3. What price was paid for Assad's compliance? 

The administration has claimed that it paid no price for removing the arsenal (beyond the in-kind financial costs of transporting and destroying the weapons, costs that are rightly considered negligible compared to the stakes). In the administration's telling, Assad made all of the concessions, and he did so in a desperate attempt to forestall imminent U.S. airstrikes. As many others and I have shown, this interpretation simply does not fit the facts of the case. Syria and Russia made their "concession" when the threat of airstrikes was receding. The player desperate for a deal was President Obama, who was on the brink of a congressional rebuke that would have made airstrikes very unlikely -- as if the president's own manifest reluctance to order the strikes didn't already make them a remote prospect anyway. Why would Syria offer up a significant portion of their arsenal to forestall airstrikes that were unlikely to happen anyway? Because in doing so Assad could buy regime survival, forcing the administration to partner with Assad and giving him the whip hand to frustrate all other elements of Western efforts to influence the outcome of the Syrian civil war. Here the skeptics of the deal have proven far more prescient. As they predicted, Assad is in a far stronger position vis-à-vis the rebels and vis-à-vis Western diplomatic initiatives than he was a year ago. Perhaps this was a price worth paying, but we can only make that assessment if we consider the costs and benefits carefully, something that the Post story does not attempt to do.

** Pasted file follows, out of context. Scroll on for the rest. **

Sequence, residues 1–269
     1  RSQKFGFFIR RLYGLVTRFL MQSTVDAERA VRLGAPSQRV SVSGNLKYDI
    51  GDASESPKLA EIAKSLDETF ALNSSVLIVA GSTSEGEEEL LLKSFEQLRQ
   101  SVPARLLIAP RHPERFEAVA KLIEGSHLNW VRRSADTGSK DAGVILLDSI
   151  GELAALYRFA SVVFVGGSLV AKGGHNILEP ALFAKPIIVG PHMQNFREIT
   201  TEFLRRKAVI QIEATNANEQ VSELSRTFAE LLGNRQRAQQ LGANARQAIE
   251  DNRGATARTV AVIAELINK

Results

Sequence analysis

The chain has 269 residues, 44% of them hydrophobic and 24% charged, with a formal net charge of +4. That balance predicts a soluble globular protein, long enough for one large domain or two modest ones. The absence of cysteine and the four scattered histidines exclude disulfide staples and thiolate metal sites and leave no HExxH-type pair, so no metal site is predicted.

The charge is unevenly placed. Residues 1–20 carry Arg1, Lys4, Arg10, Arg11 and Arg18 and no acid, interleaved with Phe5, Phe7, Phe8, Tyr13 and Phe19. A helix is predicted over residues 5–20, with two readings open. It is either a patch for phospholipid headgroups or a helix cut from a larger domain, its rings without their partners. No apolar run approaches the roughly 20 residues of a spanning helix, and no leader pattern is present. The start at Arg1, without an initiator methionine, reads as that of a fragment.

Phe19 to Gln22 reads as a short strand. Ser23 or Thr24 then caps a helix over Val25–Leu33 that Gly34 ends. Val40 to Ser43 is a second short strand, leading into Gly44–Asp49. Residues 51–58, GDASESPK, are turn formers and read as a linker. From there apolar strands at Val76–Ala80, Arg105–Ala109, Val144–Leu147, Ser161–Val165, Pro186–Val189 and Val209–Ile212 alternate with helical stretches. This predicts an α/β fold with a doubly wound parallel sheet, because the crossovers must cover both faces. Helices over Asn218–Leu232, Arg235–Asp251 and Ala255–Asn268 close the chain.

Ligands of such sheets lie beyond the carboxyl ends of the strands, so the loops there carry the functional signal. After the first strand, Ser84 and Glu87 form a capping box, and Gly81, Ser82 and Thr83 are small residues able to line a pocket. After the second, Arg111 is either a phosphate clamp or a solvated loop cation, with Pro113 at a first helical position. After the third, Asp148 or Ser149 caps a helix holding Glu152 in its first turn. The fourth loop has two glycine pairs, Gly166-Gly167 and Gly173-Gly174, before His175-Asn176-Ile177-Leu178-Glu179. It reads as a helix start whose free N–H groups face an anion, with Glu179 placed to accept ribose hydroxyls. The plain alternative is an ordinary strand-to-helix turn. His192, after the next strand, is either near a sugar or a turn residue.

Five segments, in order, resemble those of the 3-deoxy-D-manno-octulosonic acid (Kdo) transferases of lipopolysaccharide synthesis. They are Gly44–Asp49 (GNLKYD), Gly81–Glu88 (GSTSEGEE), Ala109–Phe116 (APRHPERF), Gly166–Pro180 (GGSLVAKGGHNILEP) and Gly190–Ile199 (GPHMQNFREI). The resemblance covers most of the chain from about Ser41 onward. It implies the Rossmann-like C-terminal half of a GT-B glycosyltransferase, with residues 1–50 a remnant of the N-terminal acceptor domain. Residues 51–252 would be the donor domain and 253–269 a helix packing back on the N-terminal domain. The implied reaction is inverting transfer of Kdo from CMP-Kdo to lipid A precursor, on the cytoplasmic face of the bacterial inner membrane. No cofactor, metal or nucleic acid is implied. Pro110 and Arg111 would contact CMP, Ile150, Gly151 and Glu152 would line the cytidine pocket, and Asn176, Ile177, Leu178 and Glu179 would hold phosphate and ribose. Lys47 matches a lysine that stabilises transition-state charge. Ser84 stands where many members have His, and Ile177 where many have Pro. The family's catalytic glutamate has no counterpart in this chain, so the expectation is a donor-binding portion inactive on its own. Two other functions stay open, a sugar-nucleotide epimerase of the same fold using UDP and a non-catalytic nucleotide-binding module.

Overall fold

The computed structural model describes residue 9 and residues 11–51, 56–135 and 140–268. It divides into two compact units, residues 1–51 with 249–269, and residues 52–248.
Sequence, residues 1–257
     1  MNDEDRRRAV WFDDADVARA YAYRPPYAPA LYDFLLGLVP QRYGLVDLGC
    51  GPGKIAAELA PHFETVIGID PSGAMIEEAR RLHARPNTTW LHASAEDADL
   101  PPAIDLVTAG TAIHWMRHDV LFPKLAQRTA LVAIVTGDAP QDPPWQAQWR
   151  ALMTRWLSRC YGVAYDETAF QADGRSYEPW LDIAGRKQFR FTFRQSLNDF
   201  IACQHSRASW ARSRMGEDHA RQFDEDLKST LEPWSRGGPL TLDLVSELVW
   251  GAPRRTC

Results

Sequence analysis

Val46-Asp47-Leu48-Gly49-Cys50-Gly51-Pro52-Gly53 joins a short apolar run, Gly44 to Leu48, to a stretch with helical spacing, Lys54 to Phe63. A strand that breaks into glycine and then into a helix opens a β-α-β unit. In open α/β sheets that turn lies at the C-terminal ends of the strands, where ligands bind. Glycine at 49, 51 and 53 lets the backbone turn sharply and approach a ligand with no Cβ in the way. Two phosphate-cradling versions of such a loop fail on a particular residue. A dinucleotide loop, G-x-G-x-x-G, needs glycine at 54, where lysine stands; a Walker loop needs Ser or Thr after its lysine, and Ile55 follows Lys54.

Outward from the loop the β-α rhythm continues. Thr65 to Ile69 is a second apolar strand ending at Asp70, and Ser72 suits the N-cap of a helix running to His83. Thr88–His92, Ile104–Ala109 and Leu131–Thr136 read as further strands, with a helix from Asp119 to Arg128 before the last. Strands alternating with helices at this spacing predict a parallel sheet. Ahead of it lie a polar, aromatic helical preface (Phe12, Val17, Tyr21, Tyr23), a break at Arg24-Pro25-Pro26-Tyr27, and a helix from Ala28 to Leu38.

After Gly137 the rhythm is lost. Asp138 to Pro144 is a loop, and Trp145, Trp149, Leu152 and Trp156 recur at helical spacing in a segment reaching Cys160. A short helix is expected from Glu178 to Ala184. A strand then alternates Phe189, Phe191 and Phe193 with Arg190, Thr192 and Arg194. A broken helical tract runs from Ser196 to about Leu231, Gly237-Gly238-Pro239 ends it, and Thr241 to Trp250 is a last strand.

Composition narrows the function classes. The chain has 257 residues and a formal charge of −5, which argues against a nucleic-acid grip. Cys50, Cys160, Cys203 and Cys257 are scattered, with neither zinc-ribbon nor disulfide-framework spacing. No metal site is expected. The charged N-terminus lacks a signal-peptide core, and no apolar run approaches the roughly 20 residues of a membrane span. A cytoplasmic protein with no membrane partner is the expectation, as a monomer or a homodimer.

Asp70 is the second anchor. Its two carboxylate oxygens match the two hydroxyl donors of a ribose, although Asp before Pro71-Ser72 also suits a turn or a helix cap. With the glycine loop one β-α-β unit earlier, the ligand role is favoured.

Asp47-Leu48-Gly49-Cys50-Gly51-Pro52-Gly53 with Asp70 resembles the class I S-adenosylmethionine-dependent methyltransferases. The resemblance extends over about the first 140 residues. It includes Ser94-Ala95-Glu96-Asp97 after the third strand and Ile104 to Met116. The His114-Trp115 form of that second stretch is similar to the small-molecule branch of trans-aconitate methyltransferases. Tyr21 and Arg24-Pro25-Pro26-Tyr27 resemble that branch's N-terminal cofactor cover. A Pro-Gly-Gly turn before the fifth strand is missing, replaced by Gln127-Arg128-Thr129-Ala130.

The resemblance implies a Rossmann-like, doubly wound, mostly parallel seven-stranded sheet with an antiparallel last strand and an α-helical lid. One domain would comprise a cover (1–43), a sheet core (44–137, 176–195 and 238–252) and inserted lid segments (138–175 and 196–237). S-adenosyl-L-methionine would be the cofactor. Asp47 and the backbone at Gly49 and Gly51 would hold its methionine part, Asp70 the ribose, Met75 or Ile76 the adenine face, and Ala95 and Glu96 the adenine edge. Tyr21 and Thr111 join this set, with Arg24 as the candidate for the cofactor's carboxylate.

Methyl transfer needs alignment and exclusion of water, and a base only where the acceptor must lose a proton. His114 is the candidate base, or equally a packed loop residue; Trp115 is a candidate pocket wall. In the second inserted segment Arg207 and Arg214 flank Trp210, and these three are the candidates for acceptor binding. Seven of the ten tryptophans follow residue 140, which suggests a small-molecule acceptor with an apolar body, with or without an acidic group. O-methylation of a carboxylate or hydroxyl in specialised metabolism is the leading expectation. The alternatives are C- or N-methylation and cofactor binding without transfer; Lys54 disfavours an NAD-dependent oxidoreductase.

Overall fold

4. What are the broader geopolitical consequences of the Syrian episode?